Night thoughts are what I call them. They’re those trips of the mind that come when you’d like to sit for an evening’s quiet moment or go to sleep or are middle-of-the-night sleepless. Mine of late have led me down an unsettling path of questioning a world that’s exploding with divergent beliefs, values, motives … making me ponder what I know, what I don’t know.
I don’t know how to live in a society that accepts death by stoning. I don’t know how to live in a society that limits a woman’s value as a human. Or limits anyone’s value. I don’t know how to live in a society that teaches annihilation of a religious or ethnic group.
I’ve never had my life threatened. Or lived in a war zone. I don’t know that kind of fear, for which I say thank you to all who serve and protect. I’m having trouble understanding societies, groups, and leaders who direct their people to these ends. I ache for those who endure it.
I’m a product of a democratic society, a culture which is young in terms of the world’s cultures, that practices, through laws and education, equality under the law and believes in the value of human dignity. A process exists for grievances, for making law, and for changing it. Yes, we have our in-house villains. Yes, we make mistakes. Yes, we have injustices. And out in the world, we don’t and can’t go grandly about, wagging our innocent tails. America tries to lead by example and negotiation, but has to act when attacked, when Americans are harmed, when groups want to annihilate us.
Perhaps the key to what we have is that we’re a young society. Our forefathers wanted a better way which involved change and great risk. Today we have the ability to evolve or change. The citizens have time to progress in education, art, science, technology, literature because they are relatively free from want and fear, and have a sense of security. They have food and shelter. There’s something to be said about an older society learning from a younger one, about not being bogged down by centuries of old ways.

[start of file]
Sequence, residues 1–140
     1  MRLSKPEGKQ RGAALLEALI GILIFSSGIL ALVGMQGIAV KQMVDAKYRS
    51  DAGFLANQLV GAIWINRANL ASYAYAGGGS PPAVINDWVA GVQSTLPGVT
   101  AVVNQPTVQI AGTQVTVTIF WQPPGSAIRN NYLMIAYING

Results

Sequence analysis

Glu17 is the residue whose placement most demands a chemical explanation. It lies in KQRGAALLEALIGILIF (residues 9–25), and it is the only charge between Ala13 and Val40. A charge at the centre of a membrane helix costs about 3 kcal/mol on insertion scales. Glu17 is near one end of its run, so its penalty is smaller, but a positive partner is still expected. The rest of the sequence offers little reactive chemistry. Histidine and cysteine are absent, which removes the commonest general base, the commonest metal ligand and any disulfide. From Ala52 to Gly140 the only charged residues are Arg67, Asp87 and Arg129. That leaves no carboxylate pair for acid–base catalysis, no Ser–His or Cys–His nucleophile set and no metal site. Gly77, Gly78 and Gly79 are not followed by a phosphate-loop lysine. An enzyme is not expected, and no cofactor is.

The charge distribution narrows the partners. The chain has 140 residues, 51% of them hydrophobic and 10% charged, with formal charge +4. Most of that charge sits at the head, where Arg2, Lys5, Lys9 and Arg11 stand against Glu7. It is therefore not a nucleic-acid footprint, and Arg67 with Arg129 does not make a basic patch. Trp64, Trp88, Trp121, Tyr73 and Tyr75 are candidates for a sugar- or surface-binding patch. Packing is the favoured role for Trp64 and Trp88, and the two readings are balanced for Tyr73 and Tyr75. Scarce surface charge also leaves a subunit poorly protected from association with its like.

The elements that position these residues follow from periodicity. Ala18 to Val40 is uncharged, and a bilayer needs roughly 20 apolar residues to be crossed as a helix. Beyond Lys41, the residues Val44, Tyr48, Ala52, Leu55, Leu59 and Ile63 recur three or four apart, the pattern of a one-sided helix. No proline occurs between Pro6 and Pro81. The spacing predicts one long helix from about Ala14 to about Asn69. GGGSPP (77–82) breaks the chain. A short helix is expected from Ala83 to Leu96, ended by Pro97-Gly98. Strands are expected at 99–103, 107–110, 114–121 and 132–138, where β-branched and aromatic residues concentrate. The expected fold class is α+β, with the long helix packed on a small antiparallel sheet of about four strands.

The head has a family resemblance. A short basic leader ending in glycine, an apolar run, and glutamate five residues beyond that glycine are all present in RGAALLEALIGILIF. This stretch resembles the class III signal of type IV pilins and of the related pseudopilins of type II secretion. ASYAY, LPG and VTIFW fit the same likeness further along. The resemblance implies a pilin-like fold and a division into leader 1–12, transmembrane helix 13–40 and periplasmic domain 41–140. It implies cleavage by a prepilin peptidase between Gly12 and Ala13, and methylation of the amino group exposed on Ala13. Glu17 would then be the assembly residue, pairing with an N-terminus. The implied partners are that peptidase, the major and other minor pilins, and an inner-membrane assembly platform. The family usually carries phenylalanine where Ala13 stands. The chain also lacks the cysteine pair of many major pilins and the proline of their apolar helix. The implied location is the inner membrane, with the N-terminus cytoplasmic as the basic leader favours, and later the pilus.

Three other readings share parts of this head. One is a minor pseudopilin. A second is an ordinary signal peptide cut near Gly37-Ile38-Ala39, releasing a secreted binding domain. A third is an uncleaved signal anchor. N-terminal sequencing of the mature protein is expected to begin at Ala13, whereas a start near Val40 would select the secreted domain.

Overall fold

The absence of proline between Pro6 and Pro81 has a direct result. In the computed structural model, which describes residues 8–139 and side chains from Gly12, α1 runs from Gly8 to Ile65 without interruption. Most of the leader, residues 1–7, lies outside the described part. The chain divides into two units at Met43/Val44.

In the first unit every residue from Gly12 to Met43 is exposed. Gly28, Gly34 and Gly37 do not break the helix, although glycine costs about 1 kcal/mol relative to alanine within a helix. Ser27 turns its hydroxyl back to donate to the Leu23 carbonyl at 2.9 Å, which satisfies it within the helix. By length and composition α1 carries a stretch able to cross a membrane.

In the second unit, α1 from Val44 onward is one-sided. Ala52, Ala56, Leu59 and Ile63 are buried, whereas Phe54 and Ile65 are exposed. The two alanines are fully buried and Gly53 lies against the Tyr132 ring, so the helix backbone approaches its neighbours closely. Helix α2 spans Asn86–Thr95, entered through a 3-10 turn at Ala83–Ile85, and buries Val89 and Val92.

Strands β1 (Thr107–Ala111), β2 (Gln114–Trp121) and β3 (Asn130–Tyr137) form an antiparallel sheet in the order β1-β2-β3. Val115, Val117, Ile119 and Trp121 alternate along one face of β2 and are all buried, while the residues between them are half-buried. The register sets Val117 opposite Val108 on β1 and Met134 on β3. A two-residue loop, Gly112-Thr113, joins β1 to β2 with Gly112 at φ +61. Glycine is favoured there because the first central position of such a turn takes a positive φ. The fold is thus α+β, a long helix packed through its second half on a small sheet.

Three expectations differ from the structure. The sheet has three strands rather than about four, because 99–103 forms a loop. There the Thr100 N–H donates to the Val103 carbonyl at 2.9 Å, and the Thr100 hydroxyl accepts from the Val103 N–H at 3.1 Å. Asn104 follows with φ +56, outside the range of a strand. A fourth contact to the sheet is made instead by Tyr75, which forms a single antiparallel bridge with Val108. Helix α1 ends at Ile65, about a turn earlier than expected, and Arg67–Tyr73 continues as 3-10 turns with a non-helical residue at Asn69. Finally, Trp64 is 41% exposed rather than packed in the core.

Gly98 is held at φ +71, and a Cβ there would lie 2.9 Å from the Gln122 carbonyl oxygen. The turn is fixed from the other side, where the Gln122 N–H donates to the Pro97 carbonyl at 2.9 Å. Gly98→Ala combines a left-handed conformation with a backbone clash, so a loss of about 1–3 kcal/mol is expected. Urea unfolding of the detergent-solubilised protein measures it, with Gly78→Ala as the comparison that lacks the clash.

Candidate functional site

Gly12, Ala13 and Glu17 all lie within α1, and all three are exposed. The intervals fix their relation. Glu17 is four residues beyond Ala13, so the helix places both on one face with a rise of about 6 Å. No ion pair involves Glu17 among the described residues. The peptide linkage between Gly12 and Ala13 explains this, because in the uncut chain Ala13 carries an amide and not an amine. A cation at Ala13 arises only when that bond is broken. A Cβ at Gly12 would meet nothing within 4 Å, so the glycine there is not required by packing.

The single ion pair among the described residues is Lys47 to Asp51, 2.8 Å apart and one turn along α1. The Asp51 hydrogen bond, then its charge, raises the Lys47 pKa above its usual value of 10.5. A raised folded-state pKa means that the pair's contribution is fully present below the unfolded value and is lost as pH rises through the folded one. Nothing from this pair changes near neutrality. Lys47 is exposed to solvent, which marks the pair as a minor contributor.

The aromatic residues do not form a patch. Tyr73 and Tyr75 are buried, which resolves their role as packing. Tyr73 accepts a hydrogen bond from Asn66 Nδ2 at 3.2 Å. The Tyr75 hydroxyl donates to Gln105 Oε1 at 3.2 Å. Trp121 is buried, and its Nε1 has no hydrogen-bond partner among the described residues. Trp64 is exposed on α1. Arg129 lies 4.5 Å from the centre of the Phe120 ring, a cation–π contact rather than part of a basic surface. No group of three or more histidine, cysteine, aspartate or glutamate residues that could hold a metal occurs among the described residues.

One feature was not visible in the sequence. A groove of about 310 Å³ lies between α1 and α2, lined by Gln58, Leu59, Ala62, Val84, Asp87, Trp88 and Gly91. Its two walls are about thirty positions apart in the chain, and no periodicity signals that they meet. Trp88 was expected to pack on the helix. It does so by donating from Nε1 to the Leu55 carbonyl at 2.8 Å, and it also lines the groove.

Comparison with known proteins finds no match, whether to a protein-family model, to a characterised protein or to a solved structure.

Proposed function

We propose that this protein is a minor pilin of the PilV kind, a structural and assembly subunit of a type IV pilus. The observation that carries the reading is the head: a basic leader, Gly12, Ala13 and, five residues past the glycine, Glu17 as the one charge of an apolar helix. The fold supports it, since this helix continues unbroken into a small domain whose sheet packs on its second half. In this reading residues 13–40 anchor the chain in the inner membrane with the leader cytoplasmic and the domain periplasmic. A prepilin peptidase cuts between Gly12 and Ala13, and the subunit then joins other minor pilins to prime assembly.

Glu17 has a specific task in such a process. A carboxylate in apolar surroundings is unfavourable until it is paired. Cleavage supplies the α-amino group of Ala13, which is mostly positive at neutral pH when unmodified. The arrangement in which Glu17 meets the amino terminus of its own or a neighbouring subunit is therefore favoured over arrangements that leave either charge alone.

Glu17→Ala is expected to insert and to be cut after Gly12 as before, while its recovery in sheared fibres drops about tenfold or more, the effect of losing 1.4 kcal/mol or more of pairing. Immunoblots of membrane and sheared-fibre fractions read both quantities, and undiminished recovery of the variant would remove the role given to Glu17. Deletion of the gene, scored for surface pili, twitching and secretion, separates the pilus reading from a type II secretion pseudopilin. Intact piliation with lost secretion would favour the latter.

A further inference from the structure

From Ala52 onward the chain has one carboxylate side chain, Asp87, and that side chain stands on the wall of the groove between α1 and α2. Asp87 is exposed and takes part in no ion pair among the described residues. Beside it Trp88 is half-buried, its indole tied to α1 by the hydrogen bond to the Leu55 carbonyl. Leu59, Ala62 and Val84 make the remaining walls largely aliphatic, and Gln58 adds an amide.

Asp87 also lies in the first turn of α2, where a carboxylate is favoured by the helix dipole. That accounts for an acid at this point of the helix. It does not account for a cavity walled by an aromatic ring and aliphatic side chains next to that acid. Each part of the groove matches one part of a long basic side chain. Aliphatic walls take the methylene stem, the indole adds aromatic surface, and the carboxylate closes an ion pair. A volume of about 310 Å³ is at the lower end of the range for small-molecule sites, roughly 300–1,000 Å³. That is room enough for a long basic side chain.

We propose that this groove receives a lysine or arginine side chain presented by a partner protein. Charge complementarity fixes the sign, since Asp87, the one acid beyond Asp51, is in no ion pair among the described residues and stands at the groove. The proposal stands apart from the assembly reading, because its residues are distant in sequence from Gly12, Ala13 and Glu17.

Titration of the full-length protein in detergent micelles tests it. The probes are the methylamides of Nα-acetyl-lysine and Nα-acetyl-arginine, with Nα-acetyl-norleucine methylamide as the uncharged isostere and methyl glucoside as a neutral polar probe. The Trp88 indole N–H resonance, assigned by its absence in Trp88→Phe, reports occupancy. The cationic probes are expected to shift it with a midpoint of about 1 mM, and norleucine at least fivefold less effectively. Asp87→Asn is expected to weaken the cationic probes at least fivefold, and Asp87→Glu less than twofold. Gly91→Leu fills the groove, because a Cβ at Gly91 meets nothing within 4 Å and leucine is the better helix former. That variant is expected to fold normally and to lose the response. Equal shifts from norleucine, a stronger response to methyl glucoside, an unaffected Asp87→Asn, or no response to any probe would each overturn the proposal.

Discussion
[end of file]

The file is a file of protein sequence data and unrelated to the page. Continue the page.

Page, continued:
Change takes time. Vast differences in core values are difficult to overcome. In emerging countries, clean water, food, medicine, shelter, security, and a way to earn income help. But greed, power, and zealousness in those in positions of power are strong forces to counteract. They use fear, old ways and beliefs, superstition, desire for revenge, a worldview of hate toward certain groups to keep the status quo.
As has been said many times, education and exposure are a way to new thought, to new values. The biggest asset anyone has is the mind, and the education and training that empowers that mind. Getting to that mind is another thing. In America we have those unique traits of individualism and independence, not tribalism. We value education and progress. We question injustices. We’re part of a team.
The internet is an interesting phenomenon. Yes, opposing and threatening points of view are published on it daily. But so also are ideas, different ways of thinking, of living, and of treating each other. Of spreading ideas and publicizing injustices. We’ve seen it happen. It may be up to the young.
Inclusiveness is a concept not all societies practice. Embracing diversity is an important key to coexistence and it enriches a culture. You have your beliefs. I have mine. One isn’t better than the other. They are simply different. I don’t try to impose mine on you or try to take yours away. We also realize we experience much in common … family, love, a sense of safety. There’s a belief in the processes that protect the greater good.
I attended a speaker series in which actor Richard Dreyfus spoke. I thought I would hear about his acting career. But that wasn’t the case. He spoke about the need for civility in our society. He spoke about the need to teach history and civics in our schools. We need to know whose shoulders we stand on and what events have shaped us. It’s up to us to learn from and take care of that heritage. I don’t disagree.
At the mall recently, I saw a blue tee shirt on a young boy. On the front were the words “Too Cool to be Cruel.” On the back were the words “#Bully Free.” Perhaps the world needs an anti-bully campaign.
Sometimes I feel sad for the world and saturated by the media. That said, I’ll keep hope. I’ll keep faith in our leaders to be focused at home and abroad. I’ll keep faith in our values. I’ll look for heroes, whether wise statesmen or emerging young men and women. I’ll keep involved, vote, donate. I’ll try to understand. I’ll wander about in my night thoughts.
Hope is being able to see that there is light despite all of the darkness. Desmond Tutu
(Photos courtesy of public domain collections.)